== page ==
Here is my argument:
The internal combustion engine is inherently inefficient, loosing more energy through heat and friction than it delivers to drive a vehicle forward. (see Electric v. Combustion engines) We don’t know what inventions will be transporting us around in 50 years time, but the likelihood that they bear much resemblance to a heavy lump of metal, generating heat and exhaust gases seems very unlikely. Therefore, any fuel which is produced with the intention of running a combustion engine are likely to have a limited life.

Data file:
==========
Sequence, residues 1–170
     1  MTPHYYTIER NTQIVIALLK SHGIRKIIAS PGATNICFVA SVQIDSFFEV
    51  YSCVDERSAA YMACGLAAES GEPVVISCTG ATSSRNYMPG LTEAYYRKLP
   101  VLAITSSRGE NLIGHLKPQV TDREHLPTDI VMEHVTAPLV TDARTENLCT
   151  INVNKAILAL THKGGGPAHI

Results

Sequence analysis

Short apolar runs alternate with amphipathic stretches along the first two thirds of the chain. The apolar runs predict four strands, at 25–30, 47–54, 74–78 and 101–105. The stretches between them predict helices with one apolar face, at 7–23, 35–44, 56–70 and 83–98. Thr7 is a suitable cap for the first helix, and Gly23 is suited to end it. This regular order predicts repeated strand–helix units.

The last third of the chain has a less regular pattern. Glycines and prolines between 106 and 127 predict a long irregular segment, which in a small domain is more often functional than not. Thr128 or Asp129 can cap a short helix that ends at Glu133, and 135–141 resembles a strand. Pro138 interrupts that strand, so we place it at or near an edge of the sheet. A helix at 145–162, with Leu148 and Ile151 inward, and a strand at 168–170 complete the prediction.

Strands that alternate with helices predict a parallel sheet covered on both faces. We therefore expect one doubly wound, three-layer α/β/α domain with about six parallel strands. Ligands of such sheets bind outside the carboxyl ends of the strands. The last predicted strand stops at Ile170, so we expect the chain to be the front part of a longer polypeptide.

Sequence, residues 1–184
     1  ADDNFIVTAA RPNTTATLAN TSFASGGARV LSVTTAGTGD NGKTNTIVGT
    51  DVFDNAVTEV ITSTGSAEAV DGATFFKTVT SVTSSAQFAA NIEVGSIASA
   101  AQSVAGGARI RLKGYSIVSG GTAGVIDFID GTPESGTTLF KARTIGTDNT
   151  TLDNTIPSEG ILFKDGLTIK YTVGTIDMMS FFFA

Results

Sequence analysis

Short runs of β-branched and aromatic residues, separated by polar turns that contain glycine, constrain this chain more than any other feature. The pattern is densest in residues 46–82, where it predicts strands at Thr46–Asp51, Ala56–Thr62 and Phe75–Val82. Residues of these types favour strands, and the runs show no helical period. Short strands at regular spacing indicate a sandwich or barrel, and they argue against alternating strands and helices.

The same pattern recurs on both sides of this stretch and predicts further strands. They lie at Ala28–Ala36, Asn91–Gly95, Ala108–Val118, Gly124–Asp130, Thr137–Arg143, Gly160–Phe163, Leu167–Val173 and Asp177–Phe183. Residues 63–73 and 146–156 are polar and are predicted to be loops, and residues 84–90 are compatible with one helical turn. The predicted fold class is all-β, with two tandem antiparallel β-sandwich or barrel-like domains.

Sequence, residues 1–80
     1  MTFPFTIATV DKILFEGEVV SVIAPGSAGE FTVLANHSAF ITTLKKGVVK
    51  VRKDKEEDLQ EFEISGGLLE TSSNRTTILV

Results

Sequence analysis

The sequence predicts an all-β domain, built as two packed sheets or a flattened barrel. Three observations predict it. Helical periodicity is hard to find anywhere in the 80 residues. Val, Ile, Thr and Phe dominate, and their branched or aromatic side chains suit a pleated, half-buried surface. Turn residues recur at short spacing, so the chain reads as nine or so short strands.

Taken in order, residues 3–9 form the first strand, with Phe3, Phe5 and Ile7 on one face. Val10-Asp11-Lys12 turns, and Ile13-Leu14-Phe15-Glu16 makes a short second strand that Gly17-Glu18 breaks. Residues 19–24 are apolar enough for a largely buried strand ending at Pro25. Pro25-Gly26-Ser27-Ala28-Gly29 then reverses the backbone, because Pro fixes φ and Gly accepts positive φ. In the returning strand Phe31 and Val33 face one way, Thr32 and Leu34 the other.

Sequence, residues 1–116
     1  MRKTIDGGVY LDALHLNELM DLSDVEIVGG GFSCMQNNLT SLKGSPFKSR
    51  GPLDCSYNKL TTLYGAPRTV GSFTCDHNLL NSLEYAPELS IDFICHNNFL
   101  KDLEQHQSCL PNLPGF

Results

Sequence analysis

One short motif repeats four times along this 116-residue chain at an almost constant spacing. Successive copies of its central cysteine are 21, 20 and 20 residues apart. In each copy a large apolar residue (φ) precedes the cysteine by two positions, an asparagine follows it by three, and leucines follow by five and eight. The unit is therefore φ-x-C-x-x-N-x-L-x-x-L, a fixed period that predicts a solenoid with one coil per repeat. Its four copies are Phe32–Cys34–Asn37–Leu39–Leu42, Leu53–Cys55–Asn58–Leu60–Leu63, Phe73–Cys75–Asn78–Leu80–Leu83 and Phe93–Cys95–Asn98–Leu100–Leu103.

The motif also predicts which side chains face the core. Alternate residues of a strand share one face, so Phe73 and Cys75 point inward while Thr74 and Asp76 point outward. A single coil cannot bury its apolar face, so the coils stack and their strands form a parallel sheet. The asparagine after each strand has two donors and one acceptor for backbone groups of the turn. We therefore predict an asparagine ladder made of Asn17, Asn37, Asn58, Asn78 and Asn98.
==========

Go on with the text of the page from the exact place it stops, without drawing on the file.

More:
However, biofuels could be used to generate electricity. The question is are there circumstances where it is more efficient to grow, harvest, process and ‘burn’ a plant than to use wind, waves or sun to directly generate electricity?
Even though the future might be predominantly electric, there will always be niches. Butane Fuel Cells for small devices might replace batteries, and they can provide 20 times the run time of the current battery technology for the same mass. The choice would be recharge your device yourself anywhere you can plug it in or go and buy a butane charge for your fuel cell. Hmmm, think I’ll plug it in thanks and wait for the battery technology to catch up.
Wind, waves and sun are intermittent so some form of storage is required. Maybe biofuels will be best used for powering backup generation?
I’m not convinced of my own argument here, so hoping for someone to point out the flaws in it.